Heavily Armed Canada Police Start Breaking COVID Protests
By Stefan J. Bos, Chief International Correspondent Worthy News
OTTAWA (Worthy News) – Canadian police detained protesters Friday to break the three-week “Freedom Convoy” by truckers and others angry over the country’s COVID-19 restrictions, including vaccine mandates.
Prime Minister Prime Minister Justin Trudeau had called the protesters in Ottawa, the capital, a “fringe minority” reflecting “the proliferation of “disinformation and misinformation online.”
Among those arrested overnight was Tamara Lich, 47, one of the protests’ main organizers, said Dagny Pawlak, a spokeswoman for the protest.
Officers, some carrying automatic weapons and wearing tactical unit uniforms, were seen going door to door along a line of trucks, campers, and other vehicles parked on Ottawa’s snow-covered streets.
Several protesters surrendered and were taken into custody, police confirmed. Some were being led away in handcuffs, and one person led away carried a sign that read “Mandate Freedom,” reporters said.
Earlier, Ottawa police officers went truck to truck handing out a notice telling protestors they were broke the law and faced arrest.
It also warned that anyone taking a minor to an unlawful protest could be fined up to 5,000 Canadian dollars “and/or potentially spend up to five years in prison.”
Yet outside Parliament with his son and two daughters on Thursday, wearing “Make America Great Again” baseball caps, Baret McAuley, told media he would continue to protest.
The retired oil field company manager, said that despite the notice he would stay put with his children, Emily, 17, and Ryan and Sarah, both 12. “I don’t believe that any person with a soul will take away my children,” added McAuley, 47.
He said they drive more than 1,700 miles (2740 kilometers) from Moose Jaw in the mining province of Saskatchewan, a 30-hour trip.
Yet without the presence of the detained organizer Lich it was unclear how long he and others would be able to face the ongoing crackdown.
Lich has emerged as the public face and the most visible leader of the trucker convoy.
She is a former fitness instructor, who worked in the energy sector, and sung and played guitar in a band called “Blind Monday” in Medicine Hat in Alberta province. Media said that Lich was also a senior member of a splinter party that advocated for Canada’s Western provinces to secede from the country.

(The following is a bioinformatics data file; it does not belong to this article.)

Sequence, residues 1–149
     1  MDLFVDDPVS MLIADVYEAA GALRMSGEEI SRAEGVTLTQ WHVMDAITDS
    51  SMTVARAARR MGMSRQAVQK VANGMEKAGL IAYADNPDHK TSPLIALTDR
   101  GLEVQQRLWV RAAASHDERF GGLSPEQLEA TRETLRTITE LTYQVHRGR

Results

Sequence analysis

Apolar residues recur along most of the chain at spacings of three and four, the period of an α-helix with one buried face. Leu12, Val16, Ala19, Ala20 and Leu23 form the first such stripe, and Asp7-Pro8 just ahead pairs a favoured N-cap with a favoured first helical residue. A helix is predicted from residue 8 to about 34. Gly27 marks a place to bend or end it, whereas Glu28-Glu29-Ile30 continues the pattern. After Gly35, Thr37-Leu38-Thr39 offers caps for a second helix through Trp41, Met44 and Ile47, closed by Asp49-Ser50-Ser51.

Yet throughout the protests, Lich, spoke in measured tones on social media to amplify the protesters’ grievances. Police also detained another organizer, Chris Barber, on Thursday afternoon, protestors said.
The rallies around the country by protesters in trucks, tractors, and motor homes initially focused on Canada’s vaccine requirement for truckers entering the country. But it soon grew to a broader movement against perceived limitations on freedoms under the guise of the COVID-19 pandemic by Trudeau’s government.
The biggest border blockade at the Ambassador Bridge between Windsor, Ontario, and Detroit, disrupted the flow of auto parts between the two countries and forced the industry to curtail production.
Authorities lifted the siege last weekend after detaining dozens of protesters. The final blockade, in Manitoba, ended peacefully on Wednesday.
The protestors have been cheered on by U.S. evangelist Franklin Graham, former U.S. President Donald J. Trump, and others viewing them as people fighting for freedom values.
They also received donations from conservatives in the U.S. despite attempts by fundraising service GoFundMe to ban such gifts for what critics viewed as political reasons.
GoFundMe claimed the Freedom Convoy campaign condoned violence, charges denied by organizers, though there were some incidents reported including around statues in Ottawa.
Yet, most protestors were peaceful, and in the U.S. state of Texas Attorney General Ken Paxton said his office will investigate GoFundMe for blocking and withholding donations.
“GoFundMe’s response to an anti-mandate, pro-liberty movement should ring alarm bells to anyone using the donation platform and, more broadly, any American wanting to protect their constitutional rights,” Paxton stressed. “Many Texans donated to this worthy cause. I am acting to protect Texas consumers so that they know where their hard-earned money is going, rather than allowing GoFundMe to divert money to another cause without the consent of Texas citizens.”
Removing the campaign from its site could violate the state’s Deceptive Trade Practices Act, he said.
Yet, Canadian authorities and security forces did not await the outcome. Police, who previously confiscated firewood and fuel used to keep protestors warm, claimed local residents were annoyed with the ongoing rally.
Backed by the prime minister they seemed confident that detentions would eventually deter protestors to end their call for a return to more freedoms in Canada.
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